It’s also good practice to test your ideas in presentation mode before having a formal client presentation. What sort of language am I using to describe the design? Is it intuitive enough or do I have to explain my rationale in order for someone to understand the intention? If the latter is true, it’s a good indication that I might need to work through the design to get it to a place where it can exist without me explaining how the user should interact with it.
3. Incorporate Prototype Testing
A prototype can be almost anything—a piece of paper, an interactive InVision board, a card sorting sitemap, or a fully-coded interactive experience that can be used to test how a typical user engages with a design. When I’m uncertain about an assumption I have about a design, it helps to do some informal user testing both with our agency’s entire team—both designers and non-designers. This testing with members of your team is a really helpful exercise for thinking through basic user experience patterns because everyone brings a unique understanding of web accessibility standards and how to improve usability. For example, when we were creating The Air Quality Life Index, a website with a complex data visualization tool, I did several rounds of user-testing with colleagues early on in the process of developing the information architecture before doing an additional round with target audience members. As a result, I was able to streamline controls and make sure there was a solid understanding of how things functioned from our team before asking external people who had no understanding of the product for their feedback.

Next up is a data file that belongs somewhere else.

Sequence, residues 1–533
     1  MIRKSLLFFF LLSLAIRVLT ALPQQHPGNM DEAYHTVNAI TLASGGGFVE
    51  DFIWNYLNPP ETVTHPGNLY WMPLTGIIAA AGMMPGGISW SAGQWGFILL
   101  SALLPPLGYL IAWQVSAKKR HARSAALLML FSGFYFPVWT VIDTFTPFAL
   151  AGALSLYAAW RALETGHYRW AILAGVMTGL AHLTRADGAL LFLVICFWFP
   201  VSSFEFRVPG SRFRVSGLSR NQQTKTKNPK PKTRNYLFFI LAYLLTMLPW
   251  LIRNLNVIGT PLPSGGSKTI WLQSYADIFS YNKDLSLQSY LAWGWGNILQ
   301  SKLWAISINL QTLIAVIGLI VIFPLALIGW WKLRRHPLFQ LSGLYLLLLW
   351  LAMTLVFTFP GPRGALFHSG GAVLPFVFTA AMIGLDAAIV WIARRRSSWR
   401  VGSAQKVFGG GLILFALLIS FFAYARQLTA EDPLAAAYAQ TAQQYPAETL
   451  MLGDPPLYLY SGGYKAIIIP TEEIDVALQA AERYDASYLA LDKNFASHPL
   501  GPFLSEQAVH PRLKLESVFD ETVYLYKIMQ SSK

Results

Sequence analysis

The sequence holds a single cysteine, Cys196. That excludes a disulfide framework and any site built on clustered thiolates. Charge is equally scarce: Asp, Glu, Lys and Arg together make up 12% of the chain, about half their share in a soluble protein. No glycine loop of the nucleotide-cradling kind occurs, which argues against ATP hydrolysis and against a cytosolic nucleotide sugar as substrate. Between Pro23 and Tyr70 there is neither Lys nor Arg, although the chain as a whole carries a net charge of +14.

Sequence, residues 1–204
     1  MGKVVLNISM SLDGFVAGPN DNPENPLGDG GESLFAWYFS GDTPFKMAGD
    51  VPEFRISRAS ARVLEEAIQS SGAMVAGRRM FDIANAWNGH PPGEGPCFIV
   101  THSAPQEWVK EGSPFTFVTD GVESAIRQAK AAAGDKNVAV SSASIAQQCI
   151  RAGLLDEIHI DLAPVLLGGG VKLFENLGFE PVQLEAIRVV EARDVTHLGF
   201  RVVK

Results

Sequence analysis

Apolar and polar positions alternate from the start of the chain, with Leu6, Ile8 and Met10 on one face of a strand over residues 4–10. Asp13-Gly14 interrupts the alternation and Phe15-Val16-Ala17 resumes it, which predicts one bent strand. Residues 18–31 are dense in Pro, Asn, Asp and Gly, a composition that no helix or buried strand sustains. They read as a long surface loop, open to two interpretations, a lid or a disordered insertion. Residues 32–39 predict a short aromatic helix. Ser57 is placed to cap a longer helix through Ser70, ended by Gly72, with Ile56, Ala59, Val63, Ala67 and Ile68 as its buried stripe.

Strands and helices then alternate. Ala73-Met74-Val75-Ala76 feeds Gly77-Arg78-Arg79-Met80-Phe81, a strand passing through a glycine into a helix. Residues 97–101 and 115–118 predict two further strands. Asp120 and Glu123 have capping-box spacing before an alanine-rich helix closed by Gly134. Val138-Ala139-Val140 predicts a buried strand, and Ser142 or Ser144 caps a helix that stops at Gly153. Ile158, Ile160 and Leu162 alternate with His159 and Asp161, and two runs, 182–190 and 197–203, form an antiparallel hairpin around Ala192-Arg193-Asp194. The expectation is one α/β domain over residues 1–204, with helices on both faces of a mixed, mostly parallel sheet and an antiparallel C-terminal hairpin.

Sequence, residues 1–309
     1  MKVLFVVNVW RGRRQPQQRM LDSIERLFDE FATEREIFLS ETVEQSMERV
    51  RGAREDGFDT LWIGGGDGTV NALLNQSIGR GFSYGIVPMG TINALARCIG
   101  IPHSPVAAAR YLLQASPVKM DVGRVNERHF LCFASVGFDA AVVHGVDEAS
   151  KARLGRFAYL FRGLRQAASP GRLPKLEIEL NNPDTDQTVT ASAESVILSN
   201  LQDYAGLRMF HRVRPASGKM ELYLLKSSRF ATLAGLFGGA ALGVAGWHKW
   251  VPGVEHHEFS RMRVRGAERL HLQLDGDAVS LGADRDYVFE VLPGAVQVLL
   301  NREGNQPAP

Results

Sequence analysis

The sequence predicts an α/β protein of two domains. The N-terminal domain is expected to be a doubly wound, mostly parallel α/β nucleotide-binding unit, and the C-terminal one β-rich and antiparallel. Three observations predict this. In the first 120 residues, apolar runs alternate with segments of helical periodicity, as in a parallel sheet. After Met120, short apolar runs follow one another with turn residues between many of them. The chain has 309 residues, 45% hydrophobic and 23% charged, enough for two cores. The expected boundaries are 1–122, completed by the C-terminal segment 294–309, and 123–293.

4. Schedule Weekly Design Huddles
In addition to our focused internal project reviews, we also have weekly design huddles, or stand ups, that allow us to get aligned on what everyone is working on and give us the chance to have a focused conversation on trends, processes, and inspiration. It’s important to come together as a group like this because it creates a forum for bringing up issues and opportunities that we’re experiencing as individual designers.
5. Share Inspiration
Browsing the internet is primarily an individualized activity—unless of course you’re forcing everyone around you to watch videos of thirsty pets. We try to share and keep an organized record of all the things we see online that inspire us. We do this by using Slack channels and Dropmark to categorize links to sites we like. This is an important practice because it makes browsing the internet a more collaborative activity. It allows us to understand each other’s reference points. And since we’re continuously learning from new experiences, it’s important to share what speaks to us in creative, professional or personal ways. It’s also a good way to gauge what your competitors are doing and what techniques or trends are shifting the industry to new and exciting places. By keeping an inspiration library, we can easily reference industry-specific sites in project strategic briefs. It also helps us align as a design practice through having a shared knowledge base about our creative inspiration and aspirations.